Second, they recognized that nuclear weapons impeded incorporation into the international community. Perversely, it was the inability of apartheid-era South Africa to join the Western alliance that aggravated its insecurities and entrenched its determination to develop nuclear weapons. Like South Africa, the former Soviet republics gave up their nuclear weapons in exchange for international acceptance.
Third, they were motivated by the substantial economic benefits they received – largely from the US – in exchange for nuclear disarmament.
The prospect of a nuclear-armed Iran is still serious. After all, four other countries kept the nuclear weapons they surreptitiously developed. India developed nuclear weapons because it felt threatened by a nuclear-armed China. Pakistan subsequently felt threatened by a nuclear-armed India. Israel feared Arab belligerence. North Korea was intimidated by US power. These countries developed nuclear weapons not because they were irrational or apocalyptic, but because they felt vulnerable.
Address the cause, not the effect
It is clear that the more insecure a country feels, the more likely it is to develop nuclear weapons. Therefore, American policies that threaten Iran actually confirm Iranian suspicions that nuclear weapons are necessary to deter the US. This vicious cycle of distrust and animosity can be diffused only through deescalating US-Iran tensions.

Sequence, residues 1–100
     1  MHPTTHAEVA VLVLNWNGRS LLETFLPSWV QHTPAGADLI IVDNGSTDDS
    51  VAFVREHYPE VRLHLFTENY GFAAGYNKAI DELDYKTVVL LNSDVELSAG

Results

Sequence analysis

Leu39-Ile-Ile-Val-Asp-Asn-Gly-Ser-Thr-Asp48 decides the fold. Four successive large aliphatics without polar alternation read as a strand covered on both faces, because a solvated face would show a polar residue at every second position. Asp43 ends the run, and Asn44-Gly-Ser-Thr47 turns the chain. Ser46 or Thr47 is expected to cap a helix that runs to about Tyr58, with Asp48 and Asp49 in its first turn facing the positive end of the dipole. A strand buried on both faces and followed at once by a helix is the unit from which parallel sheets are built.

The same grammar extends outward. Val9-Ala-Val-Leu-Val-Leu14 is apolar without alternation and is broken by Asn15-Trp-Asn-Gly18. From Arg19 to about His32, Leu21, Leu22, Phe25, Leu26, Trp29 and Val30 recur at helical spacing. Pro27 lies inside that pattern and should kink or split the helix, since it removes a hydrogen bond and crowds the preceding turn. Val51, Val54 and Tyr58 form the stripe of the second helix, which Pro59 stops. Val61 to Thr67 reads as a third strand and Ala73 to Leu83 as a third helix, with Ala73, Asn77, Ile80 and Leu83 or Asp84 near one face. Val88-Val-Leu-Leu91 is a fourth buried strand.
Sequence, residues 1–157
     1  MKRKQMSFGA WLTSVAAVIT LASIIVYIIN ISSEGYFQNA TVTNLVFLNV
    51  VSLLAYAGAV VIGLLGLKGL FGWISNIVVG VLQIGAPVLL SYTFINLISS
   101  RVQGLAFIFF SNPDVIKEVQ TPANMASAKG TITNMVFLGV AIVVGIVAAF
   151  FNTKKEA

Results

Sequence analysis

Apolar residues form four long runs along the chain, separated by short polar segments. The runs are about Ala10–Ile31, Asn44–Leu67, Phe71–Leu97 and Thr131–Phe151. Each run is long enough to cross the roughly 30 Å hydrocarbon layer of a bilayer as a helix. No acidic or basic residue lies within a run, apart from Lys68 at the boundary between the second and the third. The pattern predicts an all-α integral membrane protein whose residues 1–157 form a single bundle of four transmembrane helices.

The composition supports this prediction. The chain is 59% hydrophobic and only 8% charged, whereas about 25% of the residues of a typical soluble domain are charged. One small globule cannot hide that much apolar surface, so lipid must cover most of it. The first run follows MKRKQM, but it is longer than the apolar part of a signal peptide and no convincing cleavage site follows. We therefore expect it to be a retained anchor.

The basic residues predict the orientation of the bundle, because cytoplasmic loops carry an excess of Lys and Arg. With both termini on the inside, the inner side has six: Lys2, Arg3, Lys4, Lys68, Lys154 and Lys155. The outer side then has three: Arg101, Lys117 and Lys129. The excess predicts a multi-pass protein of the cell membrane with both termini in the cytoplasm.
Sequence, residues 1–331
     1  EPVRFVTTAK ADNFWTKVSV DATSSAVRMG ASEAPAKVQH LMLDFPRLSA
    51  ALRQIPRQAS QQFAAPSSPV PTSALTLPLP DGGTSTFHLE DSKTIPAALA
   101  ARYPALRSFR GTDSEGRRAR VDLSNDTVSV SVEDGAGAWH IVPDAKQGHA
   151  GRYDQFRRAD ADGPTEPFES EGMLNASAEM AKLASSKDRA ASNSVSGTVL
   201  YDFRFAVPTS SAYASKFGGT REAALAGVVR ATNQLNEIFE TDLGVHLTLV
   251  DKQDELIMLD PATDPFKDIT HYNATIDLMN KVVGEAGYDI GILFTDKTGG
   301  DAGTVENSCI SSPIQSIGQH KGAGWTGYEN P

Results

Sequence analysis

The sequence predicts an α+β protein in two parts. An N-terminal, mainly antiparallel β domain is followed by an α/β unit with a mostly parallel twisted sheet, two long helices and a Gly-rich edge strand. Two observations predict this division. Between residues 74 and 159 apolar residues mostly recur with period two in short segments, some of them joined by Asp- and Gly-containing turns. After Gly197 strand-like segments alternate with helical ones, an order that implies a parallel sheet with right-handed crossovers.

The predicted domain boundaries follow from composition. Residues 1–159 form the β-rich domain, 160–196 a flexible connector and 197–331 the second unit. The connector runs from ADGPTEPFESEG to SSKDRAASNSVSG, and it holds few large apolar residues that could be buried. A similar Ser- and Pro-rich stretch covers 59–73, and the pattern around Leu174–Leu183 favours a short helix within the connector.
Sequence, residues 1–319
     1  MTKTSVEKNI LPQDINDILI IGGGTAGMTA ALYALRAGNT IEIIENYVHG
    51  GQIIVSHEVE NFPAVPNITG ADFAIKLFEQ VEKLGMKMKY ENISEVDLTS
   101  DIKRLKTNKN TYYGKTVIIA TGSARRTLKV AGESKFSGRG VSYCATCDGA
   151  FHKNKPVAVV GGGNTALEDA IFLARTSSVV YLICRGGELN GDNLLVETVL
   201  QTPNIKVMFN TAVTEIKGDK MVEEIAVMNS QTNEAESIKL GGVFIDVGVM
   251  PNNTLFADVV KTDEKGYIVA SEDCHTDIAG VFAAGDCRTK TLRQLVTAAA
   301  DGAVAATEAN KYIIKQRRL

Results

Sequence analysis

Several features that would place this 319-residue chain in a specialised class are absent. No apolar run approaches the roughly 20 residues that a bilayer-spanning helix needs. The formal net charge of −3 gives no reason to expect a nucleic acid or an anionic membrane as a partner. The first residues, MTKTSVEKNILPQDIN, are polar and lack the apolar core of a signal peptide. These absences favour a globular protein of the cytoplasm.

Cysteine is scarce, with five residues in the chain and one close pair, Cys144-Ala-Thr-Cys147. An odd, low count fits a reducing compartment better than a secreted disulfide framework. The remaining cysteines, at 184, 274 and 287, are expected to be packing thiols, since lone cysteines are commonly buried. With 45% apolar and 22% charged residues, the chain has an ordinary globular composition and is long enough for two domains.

Thankfully, even nuclear-armed antagonists can build trust, goodwill and cooperation. The US shifted its relations with China, for instance, from estrangement to engagement when it realized that American interests were being thwarted by its refusal to accommodate China.
It is foolish and fantastical to assume that Iran intends to unleash nuclear Armageddon. Iran’s preeminent motivation is its own insecurity. The US can change the game only if it accepts that Iranian nuclear weapons are a starting point – not an ending point – for dialogue and diplomacy.
This op-ed is a distillation of a commissioned research paper for the International Commission on Nuclear Non-proliferation and Disarmament, entitled, “Giving up the Bomb: Motivations and Incentives.”